As there is no cure for autoimmune diseases, the symptoms can be reduced or managed through relevant treatment that helps minimize and limit the progression of the disease.

  • Anti-inflammatory Drugs- Non-steroidal anti-inflammatory drugs (NSAIDs) and disease-modifying antirheumatic drugs (DMARDs) help to reduce pain and inflammation.

  • Corticosteroids- Glucocorticoids can help reduce inflammation and limit symptoms.

  • Immunosuppressant Drugs- Adalimumab, Tacroline, and Cyclosporine are some of the immunosuppressant drugs that could be used to inhibit the activity of the immune system.

  • Deficiency Treatment- Insulin injection in diabetic patients.

  • Surgery- Crohn's disease is a chronic inflammatory bowel disease. Surgery may be a good option to prevent blockages in the bowel in this disease.

  • Physical Therapy- Plays an important role in reducing joint pain, strengthening muscles, and optimizing mental and physical health. Physical therapy also helps in cardiovascular health and strengthens the heart muscles.

  • Diet- A balanced and healthy diet is also essential to ensuring the general good health of patients.

  • Maintaining Weight- Maintaining a healthy weight is important.

  • Stress- Reducing stress would help immensely, given that the affected individuals are already struggling with a chronic condition. Meditation and relaxation techniques might prove useful in this regard.

  • Physical Activity- Exercise and rest.

Conclusion

Some autoimmune diseases can acquire stability at the earliest diagnosis and treatment; some autoimmune diseases may be long-lasting or even get worse at times. It can be quite depressing to deal with a disease for a lifetime, but adequate treatment or management and advances in the available management options have meant that patients can be assured of a better quality of life in most cases.

Frequently Asked Questions

1.

What Is an Autoimmune Disease?

An autoimmune disease is caused due to the immune system attacking the body’s healthy cells and tissues. As a result, the immune system cannot distinguish between the body cells and foreign invading materials. Autoimmune diseases can affect many types of cells or tissues and any organ in the body.

2.

What Is Immunofixation (IFE) Blood Test?

An immunofixation blood test measures specific proteins in the blood, which help to identify the particular disease. This test is also known as immunofixation electrophoresis or protein electrophoresis. Low levels of the proteins may indicate other autoimmune conditions.

3.

Why Is It Necessary to Treat Autoimmune Diseases?

Some autoimmune diseases can acquire stability at the earliest diagnosis and treatment; some autoimmune diseases may be long-lasting or even worsen. It can be pretty depressing to deal with a condition for a lifetime. Still, adequate treatment or management and advances in the available management options have meant that patients can be assured of a better quality of life in most cases.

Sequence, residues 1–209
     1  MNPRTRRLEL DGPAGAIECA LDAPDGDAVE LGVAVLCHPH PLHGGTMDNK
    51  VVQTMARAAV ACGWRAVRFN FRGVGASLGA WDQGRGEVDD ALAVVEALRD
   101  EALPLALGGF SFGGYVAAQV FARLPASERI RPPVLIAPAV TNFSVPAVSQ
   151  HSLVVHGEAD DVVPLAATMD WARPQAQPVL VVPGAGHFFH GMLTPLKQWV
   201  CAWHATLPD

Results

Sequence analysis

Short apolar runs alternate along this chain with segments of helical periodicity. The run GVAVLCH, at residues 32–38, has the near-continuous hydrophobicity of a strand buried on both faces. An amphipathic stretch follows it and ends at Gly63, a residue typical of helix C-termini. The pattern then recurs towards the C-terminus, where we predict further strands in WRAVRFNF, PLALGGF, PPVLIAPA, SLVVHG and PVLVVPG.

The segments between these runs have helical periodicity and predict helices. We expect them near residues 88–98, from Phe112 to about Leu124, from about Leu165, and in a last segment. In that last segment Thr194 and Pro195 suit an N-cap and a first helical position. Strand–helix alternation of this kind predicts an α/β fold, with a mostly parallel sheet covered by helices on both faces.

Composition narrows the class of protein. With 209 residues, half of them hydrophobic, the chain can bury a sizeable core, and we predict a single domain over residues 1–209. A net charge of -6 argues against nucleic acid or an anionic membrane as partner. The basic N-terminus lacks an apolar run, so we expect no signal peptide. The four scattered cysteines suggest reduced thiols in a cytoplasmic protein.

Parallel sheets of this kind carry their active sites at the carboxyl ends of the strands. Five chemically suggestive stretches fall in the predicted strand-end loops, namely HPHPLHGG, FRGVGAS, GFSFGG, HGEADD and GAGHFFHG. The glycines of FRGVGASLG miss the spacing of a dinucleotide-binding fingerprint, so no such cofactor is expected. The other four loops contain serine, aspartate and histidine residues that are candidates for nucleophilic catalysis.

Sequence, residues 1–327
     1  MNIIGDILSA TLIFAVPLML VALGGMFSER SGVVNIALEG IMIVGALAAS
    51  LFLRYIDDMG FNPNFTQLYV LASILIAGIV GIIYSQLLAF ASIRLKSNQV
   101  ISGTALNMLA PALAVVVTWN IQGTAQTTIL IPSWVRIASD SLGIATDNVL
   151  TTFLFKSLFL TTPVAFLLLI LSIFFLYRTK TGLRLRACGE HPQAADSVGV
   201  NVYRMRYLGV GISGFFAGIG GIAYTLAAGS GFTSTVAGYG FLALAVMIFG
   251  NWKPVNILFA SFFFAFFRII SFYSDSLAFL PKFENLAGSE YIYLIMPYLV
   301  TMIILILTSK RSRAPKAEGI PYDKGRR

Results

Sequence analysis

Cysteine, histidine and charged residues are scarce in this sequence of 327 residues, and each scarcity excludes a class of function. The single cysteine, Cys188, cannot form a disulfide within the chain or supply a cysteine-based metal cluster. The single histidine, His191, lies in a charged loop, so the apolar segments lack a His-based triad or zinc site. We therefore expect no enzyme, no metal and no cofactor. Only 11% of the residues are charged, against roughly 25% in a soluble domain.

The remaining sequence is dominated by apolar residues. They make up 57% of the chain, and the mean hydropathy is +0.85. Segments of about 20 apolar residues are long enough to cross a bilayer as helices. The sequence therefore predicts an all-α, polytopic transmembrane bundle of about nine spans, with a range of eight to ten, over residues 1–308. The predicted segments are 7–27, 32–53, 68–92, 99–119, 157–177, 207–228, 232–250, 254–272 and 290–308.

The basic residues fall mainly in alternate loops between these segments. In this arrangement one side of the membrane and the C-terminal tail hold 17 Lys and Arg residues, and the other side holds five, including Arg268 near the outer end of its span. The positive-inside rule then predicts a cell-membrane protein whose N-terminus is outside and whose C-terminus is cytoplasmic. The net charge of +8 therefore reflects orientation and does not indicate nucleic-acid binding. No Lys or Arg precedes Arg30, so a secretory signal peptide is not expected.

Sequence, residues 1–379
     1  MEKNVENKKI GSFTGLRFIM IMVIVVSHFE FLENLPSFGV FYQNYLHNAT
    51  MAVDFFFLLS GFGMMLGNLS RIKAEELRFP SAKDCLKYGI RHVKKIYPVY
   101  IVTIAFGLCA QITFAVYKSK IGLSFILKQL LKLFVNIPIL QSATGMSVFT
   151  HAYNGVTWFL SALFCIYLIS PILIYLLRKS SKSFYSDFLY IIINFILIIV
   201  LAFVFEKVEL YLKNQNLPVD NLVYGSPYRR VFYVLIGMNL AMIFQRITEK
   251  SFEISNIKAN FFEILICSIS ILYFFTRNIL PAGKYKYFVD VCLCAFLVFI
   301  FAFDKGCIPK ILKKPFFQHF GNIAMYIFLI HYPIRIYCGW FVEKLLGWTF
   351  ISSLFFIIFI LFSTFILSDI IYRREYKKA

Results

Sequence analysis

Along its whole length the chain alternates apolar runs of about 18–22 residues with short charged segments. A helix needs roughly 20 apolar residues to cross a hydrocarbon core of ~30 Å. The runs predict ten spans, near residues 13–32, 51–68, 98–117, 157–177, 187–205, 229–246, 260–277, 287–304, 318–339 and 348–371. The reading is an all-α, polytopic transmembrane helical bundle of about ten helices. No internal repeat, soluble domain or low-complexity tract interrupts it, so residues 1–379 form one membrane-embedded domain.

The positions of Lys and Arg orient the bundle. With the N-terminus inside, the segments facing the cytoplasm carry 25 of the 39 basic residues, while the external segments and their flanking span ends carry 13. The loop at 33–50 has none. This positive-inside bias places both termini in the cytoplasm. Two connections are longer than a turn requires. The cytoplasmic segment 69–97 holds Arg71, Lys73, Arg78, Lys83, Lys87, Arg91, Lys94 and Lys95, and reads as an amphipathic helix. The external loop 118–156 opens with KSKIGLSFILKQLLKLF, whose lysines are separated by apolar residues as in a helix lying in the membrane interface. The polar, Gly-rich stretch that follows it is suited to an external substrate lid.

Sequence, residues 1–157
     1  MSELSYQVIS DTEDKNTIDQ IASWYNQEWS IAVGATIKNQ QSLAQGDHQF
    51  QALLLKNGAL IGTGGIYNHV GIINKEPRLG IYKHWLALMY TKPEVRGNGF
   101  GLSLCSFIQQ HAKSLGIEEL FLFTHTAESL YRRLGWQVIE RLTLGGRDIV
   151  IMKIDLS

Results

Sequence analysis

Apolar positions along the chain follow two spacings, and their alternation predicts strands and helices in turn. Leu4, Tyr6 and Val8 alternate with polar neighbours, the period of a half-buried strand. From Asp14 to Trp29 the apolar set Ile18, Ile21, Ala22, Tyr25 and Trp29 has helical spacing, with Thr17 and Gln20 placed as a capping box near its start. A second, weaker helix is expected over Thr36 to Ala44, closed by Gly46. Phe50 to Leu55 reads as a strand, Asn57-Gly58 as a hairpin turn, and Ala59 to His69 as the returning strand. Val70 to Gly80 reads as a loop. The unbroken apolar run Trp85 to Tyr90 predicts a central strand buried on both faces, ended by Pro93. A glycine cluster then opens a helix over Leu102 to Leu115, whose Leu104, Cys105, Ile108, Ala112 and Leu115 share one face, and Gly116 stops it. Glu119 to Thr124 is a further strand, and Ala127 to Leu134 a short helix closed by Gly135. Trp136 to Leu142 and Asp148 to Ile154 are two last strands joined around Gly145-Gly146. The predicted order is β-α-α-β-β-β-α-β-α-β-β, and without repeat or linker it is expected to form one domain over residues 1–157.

4.

What Are the Signs and Symptoms of Autoimmune Diseases?

Autoimmune diseases may present with the following signs and symptoms:
- Joint pain and swelling.
- Recurring fever.
- Skin problems.
- Fatigue.
- Chest pain.
- Swollen glands.

5.

Can Autoimmune Diseases Cause Hair Loss?

Autoimmune diseases can affect many types of cells or tissues and any organ in the body. Certain symptoms may be specific to some disorders rather than a common presenting feature of all autoimmune diseases. Rashes, dizziness, tiredness, aching muscles, and hair loss are the signs of autoimmune diseases.

6.

Who Is at Risk for Autoimmune Diseases?

More commonly seen in females than males. Women of childbearing age tend to be the most affected. Obesity causes low-grade inflammation and can cause harm to the healthy immune system of the body. Smoking and exposure to certain chemicals may also lead to autoimmune diseases.

7.

Do Autoimmune Diseases Run in Families?

Certain diseases run in the families, such as lupus erythematosus and systemic sclerosis. Some are more common in certain ethnic groups. For example, lupus affects African-American and Hispanic people more than Caucasians. The disease often starts during a woman’s childbearing age (ages 15 to 44).

8.

What Is the Prognosis of Autoimmune Diseases?

Some autoimmune diseases can acquire stability at the earliest diagnosis and treatment; some autoimmune diseases may be long-lasting or even worsen. It can be pretty depressing to deal with a condition for a lifetime. Still, adequate treatment or management and advances in the available management options have meant that patients can be assured of a better quality of life in most cases.

9.

What Is the Test for All Autoimmune Diseases?

Immunoglobulins blood tests measure the amount and the specific types of immunoglobulins in the blood, also known as antibodies. The immunoglobulins measured using the blood test include IgG, IgM, and IgA. If the levels of immunoglobulins are too high or too low, it may indicate specific health problems.

10.

What Blood Tests Can Detect Autoimmune Disease?

It can be hard to diagnose an autoimmune disorder, especially in its earlier stages, and if multiple organs or systems are involved. The doctor recommends doing the following tests:
- Erythrocyte sedimentation rate (ESR).
- Complete blood count.
- C-reactive protein (CRP) test.
- Immunofixation (IFE) blood test.
- Immunoglobulins blood tests.
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Dr. Kaushal Bhavsar
Dr. Kaushal Bhavsar

Pulmonology (Asthma Doctors)